(Editor’s Note: This is the second story in a two-part series about devastating flooding at St. Joseph Abbey and Seminary College north of Covington, which is in the midst of training a record number of aspiring priests at the 127-year-old institution.)
By KEVIN CHIRI
Tammany West news
COVINGTON – Quietly nestled in the midst of the thick Louisiana forests north of Covington, St. Joseph Abbey and Seminar College has been producing much more than priests for the Catholic Church since it was built over 120 years ago.
The Abbey and college have operated like clockwork year-after-year since being built there in 1889 by monks coming south from Indiana. But heavy March rains in Southeast Louisiana this year brought about the greatest challenge ever with 2 feet of flooding waters that entered 31 of the buildings on the 1,200 acre campus.
Father Gregory Boquet said the loss now appears to exceed $30 million for the damage that was not covered by hazard insurance. The Abbey did not carry flood insurance since it had never experienced one flooded building in 127 years of existence.
A campaign to raise money is underway and has netted slightly more than $2 million so far with much more still needed. Help may come from FEMA, but that is still uncertain. The Abbey does qualify for a Public Assistance Grant since it is a non-profit educational institution, but FEMA programs are cost reimbursable and only fund up to 75 percent of the eligible costs. To help, go online to helptheabbey.com or call Director of Development Leslie Tate at 985-867-2235.
Meanwhile, a record number of students are enrolled for the current spring semester—a total of 138 that has peaked since the interest to study at the college began going higher five years ago. Boquet said he expects an even higher enrollment this fall.
Boquet said the current challenge facing the Abbey and Seminary College, while daunting to be sure, is something that “will make us stronger and more resolved.”
While the Seminary College students are meeting in different buildings and experiencing changes in scheduling to continue their classes, St. Joseph is home to much more than the college, with a host of other ministries that support the school and monks, while offering something special to the North Shore communities to be involved with.
A casket building woodworks operation, bee hives, bread production work, a retreat center, gift shop and public cemetery are all part of what has made St. Joseph a special place for St. Tammany residents and others along the entire Gulf Coast.
An explanation of what the Abbey and college mean to the region might best be summed up from a paragraph on their website:
“Over the past century, Saint Joseph Abbey has become an enduring presence in the Gulf South, etching in small strokes an indelible mark on local and regional history. The Abbey has educated many of the region’s civic and religious leaders. It has founded and staffed numerous parishes in the New Orleans and Northshore areas. It has had a significant impact on area culture by sponsoring and promoting programs in both liturgical and secular arts. And finally, Saint Joseph Abbey has maintained and cultivated an abiding spiritual presence in the community, which is manifested in its daily rhythms of prayer.”
However, the flood waters have shut down all of the activities other than the woodworks shop and college, as restoration and rebuilding continues as quickly as possible.
St. Joseph Woodworks is one center that is operating with much assistance from volunteer Jeff Horchoff, one of 23 volunteers who work there to support the Abbey and gain the benefits of working for God and their church. The woodworks department is under the direction of Deacon Mark Coudrain.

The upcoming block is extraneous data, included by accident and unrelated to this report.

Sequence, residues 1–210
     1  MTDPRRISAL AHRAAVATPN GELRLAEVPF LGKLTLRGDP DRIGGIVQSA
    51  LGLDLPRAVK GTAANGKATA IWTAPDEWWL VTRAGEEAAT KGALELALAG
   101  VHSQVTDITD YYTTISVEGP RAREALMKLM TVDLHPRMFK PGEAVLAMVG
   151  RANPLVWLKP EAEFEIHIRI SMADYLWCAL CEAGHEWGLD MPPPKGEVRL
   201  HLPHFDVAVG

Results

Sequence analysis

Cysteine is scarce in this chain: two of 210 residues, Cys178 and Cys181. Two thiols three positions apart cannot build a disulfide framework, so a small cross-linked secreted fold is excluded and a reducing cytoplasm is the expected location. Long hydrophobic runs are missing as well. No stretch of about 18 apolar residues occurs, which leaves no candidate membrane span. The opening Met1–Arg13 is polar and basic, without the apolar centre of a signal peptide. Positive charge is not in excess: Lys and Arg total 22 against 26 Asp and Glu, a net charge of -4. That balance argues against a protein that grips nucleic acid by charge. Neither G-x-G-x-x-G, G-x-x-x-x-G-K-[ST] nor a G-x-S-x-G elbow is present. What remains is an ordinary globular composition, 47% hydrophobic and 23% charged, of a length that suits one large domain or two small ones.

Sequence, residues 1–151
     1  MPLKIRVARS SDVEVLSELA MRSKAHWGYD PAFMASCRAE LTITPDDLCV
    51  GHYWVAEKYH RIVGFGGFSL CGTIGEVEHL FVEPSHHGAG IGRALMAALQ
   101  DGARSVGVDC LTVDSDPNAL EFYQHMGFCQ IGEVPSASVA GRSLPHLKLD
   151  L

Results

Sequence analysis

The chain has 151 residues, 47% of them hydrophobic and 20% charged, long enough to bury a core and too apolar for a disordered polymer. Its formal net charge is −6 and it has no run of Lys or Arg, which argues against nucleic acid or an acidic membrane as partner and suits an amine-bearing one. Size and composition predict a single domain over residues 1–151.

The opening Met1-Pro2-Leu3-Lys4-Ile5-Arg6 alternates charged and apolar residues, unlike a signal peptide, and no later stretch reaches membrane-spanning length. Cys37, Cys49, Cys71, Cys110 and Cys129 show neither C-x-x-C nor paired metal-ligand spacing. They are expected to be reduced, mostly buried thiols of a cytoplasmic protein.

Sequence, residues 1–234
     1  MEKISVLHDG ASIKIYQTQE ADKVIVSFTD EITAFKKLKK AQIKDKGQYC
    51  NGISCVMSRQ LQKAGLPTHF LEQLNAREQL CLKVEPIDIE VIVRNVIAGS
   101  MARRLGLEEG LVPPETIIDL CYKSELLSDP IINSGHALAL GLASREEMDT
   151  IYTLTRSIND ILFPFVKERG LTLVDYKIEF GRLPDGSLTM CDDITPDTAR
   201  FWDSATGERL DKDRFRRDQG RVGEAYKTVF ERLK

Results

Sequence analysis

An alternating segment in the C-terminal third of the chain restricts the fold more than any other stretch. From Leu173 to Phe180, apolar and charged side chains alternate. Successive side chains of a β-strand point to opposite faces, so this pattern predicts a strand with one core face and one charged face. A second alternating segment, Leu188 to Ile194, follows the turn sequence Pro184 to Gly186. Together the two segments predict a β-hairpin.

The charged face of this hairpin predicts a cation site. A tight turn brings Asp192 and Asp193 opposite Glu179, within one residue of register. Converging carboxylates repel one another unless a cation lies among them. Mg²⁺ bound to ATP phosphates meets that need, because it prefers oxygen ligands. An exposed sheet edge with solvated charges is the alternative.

Monks had originally constructed the pine caskets there to bury their own in the cemetery on site, but over the years began building more for friends and church members before finally offering them to the general public.
The caskets come in two models: traditional and monastic, costing $1,700 for the latter that is a simple casket most monks are buried in, or a traditional casket sold for $2,250.
Horchoff said they send out up to 30 caskets every month with only one paid employee working at the center.
“When I retired from my former job I knew the director of the center and he knew I had 40 years of woodworking experience,” Horchoff said, now a volunteer there for seven years. “We all love being here. The atmosphere is similar to where the monks work and pray.”
Pennies for Bread began in 1990 producing 1,000 loaves of bread a week to distribute to the area needy. Now the bakery produces 2,000 loaves a week—when it is operational–and aids the needy all the way to New Orleans at designated charitable organizations.
Flood waters have currently shut the bakery down, which is entirely run by the monks on site, who bake, cut, bag and deliver the bread. It is funded by charitable donations to the Abbey.
The Retreat Center is also closed as repairs continue to the many buildings on the property. When open it offered a peaceful setting for any groups to meet for special days where individuals could develop their spirituality. The surrounding grounds and pine forests provide the perfect peaceful setting for such meetings.
The Abbey has been allowing guests to meet there for 40 years, and now offer their own Abbey-sponsored group settings for men, women, married couples and mixed groups. Groups do not have to be Catholic to meet there as other faiths are also welcome.
Up to 42 individuals can attend at a time, each with individual rooms with private baths, while meals are also provided for the retreats.
The St. Joseph Cemetery is another phase of the property that used to be private, but is now open to sell plots to the general public for a price of $4,500 each, which also includes a headstone.